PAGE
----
On December 20th, 1978, my parents – Ihor and Marijka Prokipchuk – welcomed the first of their four children into the world – a little girl, whom they named Tetyana Olena. My mother was in her final year at the University of Toronto and my father – a new immigrant from Ukraine – had just moved from working on the assembly line at Dempster’s Bakery to a temporary cash-and-carry job with the Ukrainian Business Association.
Immediately following the Christmas break – less than two weeks after Tetyana was born – my mother returned to her full-time studies to complete her undergraduate degree, running from one end of campus to the other, breast milk soaking through her clothes and freezing solid in the cold January air. That spring, my father began working for Trident Fuel, a small heating and cooling business, where he worked around the clock, cleaning furnaces and learning the trade. They took it all in stride, bolstered by the all-encompassing love they felt for the new little person in their lives – enamored with her darling wisps of dark hair, her deep brown eyes and her contagious little smile.
Like all families, over the years we experienced wonderful highs and some inevitable and evitable lows. Nothing, however, prepared us for the events of late winter, 2012.
On Saturday, March 10th, my mother’s mother, Catherine Loyko, died of complications from an emergency surgery she had earlier in the week to repair a tear in her stomach caused by a sudden and rare gastric volvulus.
The following weekend, in the afternoon on Sunday, March 18th, two police officers came to our family home and announced that Tetyana had died that morning, sometime between 3 and 4 o’clock.
There is so much to say, but using words, alone, to express how I feel and how this has changed our family and my outlook on life (and my relationship with myself and my husband and peers and colleagues and everything and everyone else imaginable in this universe, etc., etc.) feels inadequate. And even if I could use words to capture and articulate it all, I am not sure I would – not here, anyway. This blog has a very specific role, and it is to help build, document and share Tetyana’s bucket list with family and friends so that we can use The List as a tool to help us face both the acute stages of grief as well as the rest of our lives without Tetyana. Further, this section is intended to offer just enough information so that other readers who might happen upon this site can know who ‘Tetyana’ of ‘Tetyana’s List’ is. You will all get to know her better, I suspect, through the other posts on this site.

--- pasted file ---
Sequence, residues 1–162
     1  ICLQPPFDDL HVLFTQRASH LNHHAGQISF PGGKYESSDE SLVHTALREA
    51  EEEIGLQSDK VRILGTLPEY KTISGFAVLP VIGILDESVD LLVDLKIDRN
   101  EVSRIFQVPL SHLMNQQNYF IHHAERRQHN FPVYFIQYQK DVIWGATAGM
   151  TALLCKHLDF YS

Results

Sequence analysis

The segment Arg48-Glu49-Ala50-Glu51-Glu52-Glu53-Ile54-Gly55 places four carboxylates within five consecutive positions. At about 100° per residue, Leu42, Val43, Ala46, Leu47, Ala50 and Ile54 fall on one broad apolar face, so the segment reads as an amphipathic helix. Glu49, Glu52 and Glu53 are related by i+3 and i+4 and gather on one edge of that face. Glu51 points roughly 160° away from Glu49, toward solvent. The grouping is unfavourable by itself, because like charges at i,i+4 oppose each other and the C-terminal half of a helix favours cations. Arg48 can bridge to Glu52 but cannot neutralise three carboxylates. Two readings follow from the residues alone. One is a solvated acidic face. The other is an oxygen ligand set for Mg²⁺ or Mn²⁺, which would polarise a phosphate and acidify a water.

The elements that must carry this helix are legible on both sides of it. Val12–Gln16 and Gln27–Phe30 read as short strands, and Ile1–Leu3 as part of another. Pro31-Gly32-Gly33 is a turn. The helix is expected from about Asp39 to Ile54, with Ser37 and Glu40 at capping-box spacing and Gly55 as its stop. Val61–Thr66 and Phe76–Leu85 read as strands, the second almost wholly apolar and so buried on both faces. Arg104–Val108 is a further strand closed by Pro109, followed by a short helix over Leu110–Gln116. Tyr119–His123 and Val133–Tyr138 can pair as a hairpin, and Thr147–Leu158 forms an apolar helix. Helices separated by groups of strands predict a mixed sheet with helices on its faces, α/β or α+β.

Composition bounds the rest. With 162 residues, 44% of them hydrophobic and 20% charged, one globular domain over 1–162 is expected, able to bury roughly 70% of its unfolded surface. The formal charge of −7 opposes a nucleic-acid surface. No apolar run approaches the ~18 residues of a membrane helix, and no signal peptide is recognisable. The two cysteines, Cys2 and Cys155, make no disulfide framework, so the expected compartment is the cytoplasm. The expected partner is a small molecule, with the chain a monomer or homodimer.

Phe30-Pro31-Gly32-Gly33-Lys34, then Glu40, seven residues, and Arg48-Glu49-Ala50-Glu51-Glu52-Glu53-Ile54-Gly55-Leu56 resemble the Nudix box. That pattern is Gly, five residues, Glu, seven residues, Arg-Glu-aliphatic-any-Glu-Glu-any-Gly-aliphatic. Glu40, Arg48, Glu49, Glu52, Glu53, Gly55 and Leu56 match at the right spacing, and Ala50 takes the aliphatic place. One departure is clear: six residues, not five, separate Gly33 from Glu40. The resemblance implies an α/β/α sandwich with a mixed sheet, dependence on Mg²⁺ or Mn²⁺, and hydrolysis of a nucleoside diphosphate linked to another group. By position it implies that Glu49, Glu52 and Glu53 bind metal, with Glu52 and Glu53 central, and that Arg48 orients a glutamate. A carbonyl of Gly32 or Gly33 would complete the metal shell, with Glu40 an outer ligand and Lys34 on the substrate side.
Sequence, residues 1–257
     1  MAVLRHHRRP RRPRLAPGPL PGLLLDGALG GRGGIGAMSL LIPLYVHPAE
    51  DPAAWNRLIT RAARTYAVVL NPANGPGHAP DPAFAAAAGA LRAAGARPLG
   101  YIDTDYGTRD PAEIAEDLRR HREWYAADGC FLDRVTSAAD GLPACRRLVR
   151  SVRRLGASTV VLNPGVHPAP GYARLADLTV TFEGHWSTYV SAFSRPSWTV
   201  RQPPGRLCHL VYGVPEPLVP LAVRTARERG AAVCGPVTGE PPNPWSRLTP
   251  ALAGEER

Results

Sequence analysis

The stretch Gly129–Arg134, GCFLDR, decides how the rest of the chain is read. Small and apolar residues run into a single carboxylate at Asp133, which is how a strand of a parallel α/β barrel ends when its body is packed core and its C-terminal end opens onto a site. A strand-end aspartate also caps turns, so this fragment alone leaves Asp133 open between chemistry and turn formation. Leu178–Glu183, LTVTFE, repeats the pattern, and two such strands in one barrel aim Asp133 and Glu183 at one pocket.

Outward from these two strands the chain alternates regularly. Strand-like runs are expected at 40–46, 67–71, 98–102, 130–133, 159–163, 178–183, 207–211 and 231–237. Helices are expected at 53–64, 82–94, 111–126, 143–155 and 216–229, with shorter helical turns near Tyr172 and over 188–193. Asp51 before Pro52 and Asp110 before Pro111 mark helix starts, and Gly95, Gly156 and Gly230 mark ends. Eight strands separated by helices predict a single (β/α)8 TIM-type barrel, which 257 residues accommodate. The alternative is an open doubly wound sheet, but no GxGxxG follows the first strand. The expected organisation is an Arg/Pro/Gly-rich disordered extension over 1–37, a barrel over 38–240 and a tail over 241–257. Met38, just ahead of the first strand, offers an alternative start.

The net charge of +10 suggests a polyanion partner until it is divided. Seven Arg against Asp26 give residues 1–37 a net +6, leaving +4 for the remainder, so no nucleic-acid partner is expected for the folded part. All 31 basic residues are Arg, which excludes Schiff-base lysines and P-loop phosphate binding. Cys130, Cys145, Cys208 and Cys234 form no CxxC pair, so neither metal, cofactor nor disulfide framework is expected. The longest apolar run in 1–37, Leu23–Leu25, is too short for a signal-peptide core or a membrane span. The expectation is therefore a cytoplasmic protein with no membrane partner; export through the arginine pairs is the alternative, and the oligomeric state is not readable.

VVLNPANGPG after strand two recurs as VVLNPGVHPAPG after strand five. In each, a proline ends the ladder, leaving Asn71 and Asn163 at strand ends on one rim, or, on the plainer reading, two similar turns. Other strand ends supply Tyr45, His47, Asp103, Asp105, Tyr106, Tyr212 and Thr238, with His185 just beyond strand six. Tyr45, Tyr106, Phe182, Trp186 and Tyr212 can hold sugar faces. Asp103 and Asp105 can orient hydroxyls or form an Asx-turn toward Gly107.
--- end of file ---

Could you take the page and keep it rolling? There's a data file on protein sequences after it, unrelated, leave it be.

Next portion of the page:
I will conclude with a small collection of photos and Tetyana’s obituary, published in the Toronto Star on Wednesday, March 21st, 2012.
TETYANA OLENA PROKIPCHUK Of Toronto, passed away suddenly on Sunday, March 18, 2012, at 33 years of age. Precious, darling first born daughter of Ihor and Marijka Prokipchuk. Very deeply loved sister of Christyna (and husband Aaron Steacie), Ostap and Matviy, and very special aunt of Lev Steacie. Recently predeceased by her grandmother, Catherine Loyko, Tetyanka’s innocent soul is now resting peacefully in the eternal, loving embrace of her compassionate Babcia. Tetyana was a very passionate young woman who worked very hard at the things she loved most and excelled at everything she put her mind to. She loved cats, debating, reading, walking for miles, cooking (especially varenyky and other Ukrainian dishes), and watching movies and spending special moments with her closest and dearest brother and friend, Matviyko. Tetyana selflessly devoted her life to helping those whom she cared deeply for, even when she had little to give. She will be dearly missed by all whose lives she touched, including her Aunt Lisa (and husband Gord) Baker, cousins Emily and Lara, godparents Andrij and Natalka, and her most devoted girlfriends Lida and Julia. Other close family and friends, including those special guests who enjoyed her lovely company and good food at her B&B in Niagara-on-the-Lake, will always remember Tetyana’s beautiful smile and heartfelt laughter. Tetyana is resting at the Cardinal Funeral Home, 92 Annette St. Visitation Thursday, 5:00 to 9:00 p.m. Panachyda at 7:30 p.m.. Funeral Mass Friday, 10:00 a.m. at St. Nicholas Ukrainian Catholic Church (4 Bellwoods Ave.). Interment will follow at Park Lawn Cemetery. In Tetyana’s loving memory, donations to the Jean Tweed Centre for women and the MS Society of Canada are appreciated. Vichnaya Pamyat!